Chrysogonum virginianum ‘Norman Singer’ adds great color to an early summer garden and is easy to grow. It forms a mat that is thick enough to keep out most weeds, it does not need deadheading and it’s semi-evergreen, making it almost no-maintenance. The only thing you need to do is reduce the size of the clump every 2-3 years.
The Norman Singer clone was selected for its larger flowers and the fact that the flower stem is shorter than the species which makes for a nicer display. It was originally called Norman Singer’s clone, after the North American Rock Garden Society member who found it. More recently, it can also be found under the name Chrysogonum virginianum ‘Superstar’.
The species grows in part shade conditions along the edge of woodlands in moist conditions. It can take quite a bit of shade and is deer resistant. I did not know that when I got my Norman Singer cultivar, so I planted it in a zone 5 rock garden, in full sun. It does quite well there in clay soil and without extra water. This seems like a very adaptable species, but it is possible that Norman Singer is more tolerant of full sun than the species.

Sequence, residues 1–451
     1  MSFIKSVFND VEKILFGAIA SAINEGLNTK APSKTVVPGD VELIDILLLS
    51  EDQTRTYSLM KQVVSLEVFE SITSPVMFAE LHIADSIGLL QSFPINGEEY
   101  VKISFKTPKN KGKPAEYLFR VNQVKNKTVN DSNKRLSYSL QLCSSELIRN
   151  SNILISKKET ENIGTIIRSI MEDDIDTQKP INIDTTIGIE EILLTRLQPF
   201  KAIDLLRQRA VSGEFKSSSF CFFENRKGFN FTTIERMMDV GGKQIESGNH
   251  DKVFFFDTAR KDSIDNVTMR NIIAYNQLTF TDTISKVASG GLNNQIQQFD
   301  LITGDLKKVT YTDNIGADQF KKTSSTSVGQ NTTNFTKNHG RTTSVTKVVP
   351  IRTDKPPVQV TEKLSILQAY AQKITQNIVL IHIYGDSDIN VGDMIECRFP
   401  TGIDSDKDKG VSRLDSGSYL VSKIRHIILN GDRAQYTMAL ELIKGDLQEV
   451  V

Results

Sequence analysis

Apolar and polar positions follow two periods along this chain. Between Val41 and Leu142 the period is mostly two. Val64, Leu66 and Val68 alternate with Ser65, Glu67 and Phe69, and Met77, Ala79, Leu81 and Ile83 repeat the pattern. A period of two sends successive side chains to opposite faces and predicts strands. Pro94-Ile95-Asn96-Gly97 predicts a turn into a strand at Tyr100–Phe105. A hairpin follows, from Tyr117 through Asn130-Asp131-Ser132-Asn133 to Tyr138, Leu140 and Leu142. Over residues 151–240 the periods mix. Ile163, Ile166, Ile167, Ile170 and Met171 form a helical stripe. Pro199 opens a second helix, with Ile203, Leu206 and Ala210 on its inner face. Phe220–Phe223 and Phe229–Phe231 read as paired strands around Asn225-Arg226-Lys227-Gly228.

It is a great ground cover even when not flowering, forming a very tight mat of green. The clump spreads using rhizomes which are easily pulled out to keep it in control. The dazzling flowers appear in late spring and early summer and reappear in fall for a subdued display. Every garden should have this plant.
Common names for the species include green-and-gold, gold cup and golden star.
Chrysogonum virginianum ‘Norman Singer’
Life Cycle: perennial
Height: 5cm (2in)
Bloom Time: late spring
Natural Range: Eastern North America, from Pennsylvania to Florida
Habitat: edge of deciduous forests, mesic to dry woodlands and open rocky woodlands
Synonyms: Chrysogonum australe
Cultivation of Chrysogonum virginianum
Light: full sun to full shade
Soil: prefers moist rich soil, but is very tolerant
Water: consistent moisture
USDA Hardiness Zone: 5 – 9